Use of Thermography as a Diagnostic and Prognostic Tool in Selected Cetacean Conditions
The measurement of change in core body temperature, and its relation to infection or inflammation, is one of the oldest and most widely recognized diagnostic tools in medicine. The use of a thermometer is considered a basic part of the initial physical exam in most species and is often followed by other more sophisticated techniques to try to isolate the source of illness. With the development of affordable heat-sensitive cameras, the clinician can now detect general or specific areas of abnormal tissue temperatures. Detectable changes in temperature may be related to superficial tissue involvement or a reflection of heat production at a deeper level. These manifestations may include isolated or general areas involving such conditions as abscess, trauma, cellulitis, dermatitis, tendonitis, myositis, and pyothorax.
A thermographic camera was used in clinical cases in cetaceans to refine previous findings that indicated its potential applications in diagnosis and prognosis. Individuals which showed clinical signs compatible with trauma, dental disease, and dermal conditions were examined with an EVS DTIS-500 camera (Emerge Interactive, Sebastian, FL, USA) and therapy monitored with periodic thermal scans.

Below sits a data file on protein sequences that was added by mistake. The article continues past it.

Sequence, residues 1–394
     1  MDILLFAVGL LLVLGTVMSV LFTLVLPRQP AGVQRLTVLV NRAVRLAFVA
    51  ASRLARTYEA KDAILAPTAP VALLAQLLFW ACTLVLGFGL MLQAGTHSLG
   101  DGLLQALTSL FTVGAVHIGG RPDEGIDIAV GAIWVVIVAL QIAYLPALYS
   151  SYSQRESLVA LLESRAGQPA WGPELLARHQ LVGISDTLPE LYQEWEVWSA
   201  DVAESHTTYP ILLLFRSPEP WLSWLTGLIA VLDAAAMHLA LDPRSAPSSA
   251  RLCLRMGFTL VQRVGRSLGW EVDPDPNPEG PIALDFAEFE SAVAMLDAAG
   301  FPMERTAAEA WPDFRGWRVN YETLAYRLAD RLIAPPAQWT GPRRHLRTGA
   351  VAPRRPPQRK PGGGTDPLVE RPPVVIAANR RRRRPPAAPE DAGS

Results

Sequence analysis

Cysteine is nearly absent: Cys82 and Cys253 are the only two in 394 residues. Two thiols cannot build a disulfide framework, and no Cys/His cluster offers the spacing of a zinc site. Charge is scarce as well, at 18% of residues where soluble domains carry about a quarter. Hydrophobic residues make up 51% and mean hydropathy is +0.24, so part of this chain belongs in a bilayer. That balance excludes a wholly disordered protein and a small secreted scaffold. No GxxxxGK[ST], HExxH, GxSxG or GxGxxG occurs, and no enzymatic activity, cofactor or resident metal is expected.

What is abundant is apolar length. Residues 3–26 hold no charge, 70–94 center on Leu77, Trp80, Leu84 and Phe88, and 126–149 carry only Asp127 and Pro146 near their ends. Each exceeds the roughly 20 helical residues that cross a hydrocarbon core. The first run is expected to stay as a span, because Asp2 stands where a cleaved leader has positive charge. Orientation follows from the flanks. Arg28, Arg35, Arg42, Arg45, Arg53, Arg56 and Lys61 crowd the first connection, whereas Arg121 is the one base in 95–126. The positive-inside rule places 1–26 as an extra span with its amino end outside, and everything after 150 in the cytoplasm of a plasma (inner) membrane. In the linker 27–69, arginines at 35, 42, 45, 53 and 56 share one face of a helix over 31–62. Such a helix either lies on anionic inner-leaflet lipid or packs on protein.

Dental disease including trauma to oral tissues, periodontal abscess, and mandibular infections could be readily located, temperature measurements taken, and the size of area of involvement noted. Post-therapy followup illustrated the ability to gauge the effect of therapy as evidenced by temperature decrease and a decrease in the size of the area involved. The clinician can also better determine the length of drug use based on the response. In one individual case it showed the infection from an abscessed tooth spreading down the lingual side of the mandible.
External trauma to the skin can be monitored for extent, complications and speed of resolution. Rake marks received from other dolphins have shown an inflammatory response present much longer than expected. A loss of normal temperature can also be used as a clue to the presence of material that may require debridement.
Dermatitis is currently being investigated for possible application of this technology. A Tursiops truncatus female with an extensive visual roughening of the skin showed substantial heat in the affected areas of the skin with thermography but no signs of inflammation on bloodwork. The skin inflammation was readily monitored by thermography until total resolution.